Evelina López Antonetty was born in Puerto Rico in 1922 and moved to New York City with her siblings in 1933, two years before Jacobs moved into the Village with her sister. Unlike Jacobs, however, she entered her community by moving in with her relatives and going to public school. Her firsthand experience with the school system—both as a student and later as a parent—and her involvement with labor movements set her on the track to start community organizing. After her son entered the public school system, Antonetty saw the system from the vantage point of a parent, and saw how inaccessible teachers were to members of the community: this experience led to her founding United Bronx Parents, an organization dedicated to helping every aspect of the community.

“Our children can become the educators, doctors, and leaders of tomorrow.”

– Evelina López Antonetty

Antonetty founded United Bronx Parents (UBP) in 1965. At first it was a grassroots coalition of Puerto Rican activists and parents concerned about the quality of the borough’s schools. From these modest origins, the organization quickly grew into one of the borough’s largest grassroots movements, with the mission of ensuring that the Bronx had the resources it needed so community members could thrive. 

In the words of Antonetty, “our children can become the educators, doctors, and leaders of tomorrow,” but only if the city invested the same amount in Bronx schools. In some Bronx public schools, for example, no teachers spoke Spanish creating a language barrier between them and parents. And, even among parents who did speak English, many did not know the best strategies to advocate for their children. UBP would help bridge the gap on both problems, advocating for more bilingual teachers while also teaching parents about strategies to advocate for their children.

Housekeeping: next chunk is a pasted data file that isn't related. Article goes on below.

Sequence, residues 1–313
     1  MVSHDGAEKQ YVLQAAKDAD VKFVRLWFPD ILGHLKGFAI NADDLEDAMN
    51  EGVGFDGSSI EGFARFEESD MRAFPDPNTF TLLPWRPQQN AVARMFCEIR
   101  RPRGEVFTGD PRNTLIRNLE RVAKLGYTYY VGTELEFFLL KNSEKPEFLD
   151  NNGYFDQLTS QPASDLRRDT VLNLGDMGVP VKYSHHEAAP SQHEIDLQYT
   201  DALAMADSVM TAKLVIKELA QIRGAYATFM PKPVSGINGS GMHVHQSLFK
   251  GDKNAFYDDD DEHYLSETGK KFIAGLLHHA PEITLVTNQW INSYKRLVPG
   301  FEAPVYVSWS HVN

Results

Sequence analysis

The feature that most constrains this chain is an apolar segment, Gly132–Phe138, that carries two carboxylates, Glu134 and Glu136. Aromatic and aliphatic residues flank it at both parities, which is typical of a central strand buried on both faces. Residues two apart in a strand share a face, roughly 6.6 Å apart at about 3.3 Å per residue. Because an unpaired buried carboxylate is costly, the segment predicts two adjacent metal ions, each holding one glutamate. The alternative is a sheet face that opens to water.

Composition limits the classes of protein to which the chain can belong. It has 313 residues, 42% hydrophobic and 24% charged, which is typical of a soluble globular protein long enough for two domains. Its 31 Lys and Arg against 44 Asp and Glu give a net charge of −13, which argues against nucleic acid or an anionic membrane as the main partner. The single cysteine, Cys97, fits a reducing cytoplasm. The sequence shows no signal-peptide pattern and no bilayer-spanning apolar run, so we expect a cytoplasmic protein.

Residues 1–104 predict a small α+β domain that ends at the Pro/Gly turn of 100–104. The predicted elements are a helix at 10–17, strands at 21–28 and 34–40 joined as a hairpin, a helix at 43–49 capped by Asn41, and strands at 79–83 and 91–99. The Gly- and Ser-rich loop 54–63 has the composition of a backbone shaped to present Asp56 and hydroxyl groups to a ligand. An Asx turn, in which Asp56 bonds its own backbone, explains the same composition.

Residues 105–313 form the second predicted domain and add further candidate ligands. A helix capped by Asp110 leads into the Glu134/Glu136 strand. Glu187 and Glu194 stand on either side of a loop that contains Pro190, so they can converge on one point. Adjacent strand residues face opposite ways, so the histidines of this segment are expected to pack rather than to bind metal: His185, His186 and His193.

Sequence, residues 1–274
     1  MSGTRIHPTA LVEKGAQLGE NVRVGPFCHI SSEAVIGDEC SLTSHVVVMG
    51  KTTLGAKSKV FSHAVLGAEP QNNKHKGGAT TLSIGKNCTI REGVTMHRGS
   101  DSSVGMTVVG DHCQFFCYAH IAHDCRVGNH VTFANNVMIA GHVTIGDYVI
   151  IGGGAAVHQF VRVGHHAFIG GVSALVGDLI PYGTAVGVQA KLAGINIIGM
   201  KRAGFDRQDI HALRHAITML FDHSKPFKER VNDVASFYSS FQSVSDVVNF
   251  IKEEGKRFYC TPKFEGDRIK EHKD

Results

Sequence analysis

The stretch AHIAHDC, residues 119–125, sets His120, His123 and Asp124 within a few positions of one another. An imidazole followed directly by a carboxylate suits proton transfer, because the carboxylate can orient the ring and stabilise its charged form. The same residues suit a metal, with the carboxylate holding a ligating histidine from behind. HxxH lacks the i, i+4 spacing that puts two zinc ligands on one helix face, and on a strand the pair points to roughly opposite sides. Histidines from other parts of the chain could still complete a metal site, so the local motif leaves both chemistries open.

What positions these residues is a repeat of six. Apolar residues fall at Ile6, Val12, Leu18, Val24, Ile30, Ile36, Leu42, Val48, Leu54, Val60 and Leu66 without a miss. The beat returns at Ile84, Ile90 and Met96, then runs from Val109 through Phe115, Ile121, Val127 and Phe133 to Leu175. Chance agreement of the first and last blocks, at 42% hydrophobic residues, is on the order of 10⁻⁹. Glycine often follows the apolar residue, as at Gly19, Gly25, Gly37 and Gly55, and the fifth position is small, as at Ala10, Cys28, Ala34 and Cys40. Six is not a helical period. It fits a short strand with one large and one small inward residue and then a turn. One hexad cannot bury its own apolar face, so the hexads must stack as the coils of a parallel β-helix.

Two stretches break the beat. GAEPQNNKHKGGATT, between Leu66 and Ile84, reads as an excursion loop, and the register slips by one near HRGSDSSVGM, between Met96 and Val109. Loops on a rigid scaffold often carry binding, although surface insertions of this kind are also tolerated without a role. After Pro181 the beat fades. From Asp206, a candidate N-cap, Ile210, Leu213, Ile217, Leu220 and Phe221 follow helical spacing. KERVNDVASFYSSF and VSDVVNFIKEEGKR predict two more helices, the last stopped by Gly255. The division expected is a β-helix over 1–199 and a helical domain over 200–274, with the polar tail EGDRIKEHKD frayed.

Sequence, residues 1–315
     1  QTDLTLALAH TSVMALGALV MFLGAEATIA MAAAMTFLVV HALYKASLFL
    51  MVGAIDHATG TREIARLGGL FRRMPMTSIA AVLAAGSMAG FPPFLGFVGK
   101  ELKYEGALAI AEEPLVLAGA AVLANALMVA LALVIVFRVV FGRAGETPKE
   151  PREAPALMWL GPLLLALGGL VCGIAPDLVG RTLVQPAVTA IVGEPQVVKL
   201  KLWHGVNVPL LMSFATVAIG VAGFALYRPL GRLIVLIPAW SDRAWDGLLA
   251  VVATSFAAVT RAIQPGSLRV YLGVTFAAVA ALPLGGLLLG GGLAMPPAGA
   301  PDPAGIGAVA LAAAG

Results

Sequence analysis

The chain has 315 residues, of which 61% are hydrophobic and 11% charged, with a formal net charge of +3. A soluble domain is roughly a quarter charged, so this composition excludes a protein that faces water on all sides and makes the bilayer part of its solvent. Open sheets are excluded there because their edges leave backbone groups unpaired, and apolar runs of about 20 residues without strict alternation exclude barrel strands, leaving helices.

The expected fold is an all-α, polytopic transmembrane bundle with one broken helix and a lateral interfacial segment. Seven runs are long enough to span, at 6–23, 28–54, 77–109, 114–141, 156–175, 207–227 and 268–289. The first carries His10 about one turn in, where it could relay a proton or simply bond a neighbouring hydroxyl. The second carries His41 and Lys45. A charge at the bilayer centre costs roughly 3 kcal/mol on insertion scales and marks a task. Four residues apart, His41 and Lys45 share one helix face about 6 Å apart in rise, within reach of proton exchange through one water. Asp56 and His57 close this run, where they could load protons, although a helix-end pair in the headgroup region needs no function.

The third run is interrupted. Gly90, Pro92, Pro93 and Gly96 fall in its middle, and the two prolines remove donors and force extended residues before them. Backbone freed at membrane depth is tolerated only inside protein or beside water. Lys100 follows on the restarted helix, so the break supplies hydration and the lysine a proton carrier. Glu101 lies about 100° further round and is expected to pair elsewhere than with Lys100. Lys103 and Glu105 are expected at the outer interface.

After Antonetty had organized United Bronx Parents, one of their first campaigns concerned the lunches local schools were serving. Parents complained about their children’s experiences with sour milk, cold and watery soup, and a total lack of nutritional value in the meals: many students were going hungry instead of eating the lunches. Most of the schools did not have a kitchen, instead relying on a Depression-era centralized kitchen in Queens. By the time the lunches got to the Bronx—often halfway through the lunch period—the food would be inedible. Yet when these parents had tried to raise these problems with the Board of School Lunches, they had been ignored.

Antonetty first had parents visit and evaluate every cafeteria in South Bronx Schools. After they had found health violations in each of them, they zeroed in on Public School 25 as the worst, with 53 infractions.  Antonetty and the parents then scheduled a lunch with local politicians along with officials from the Board of School Lunches and the Department of Education.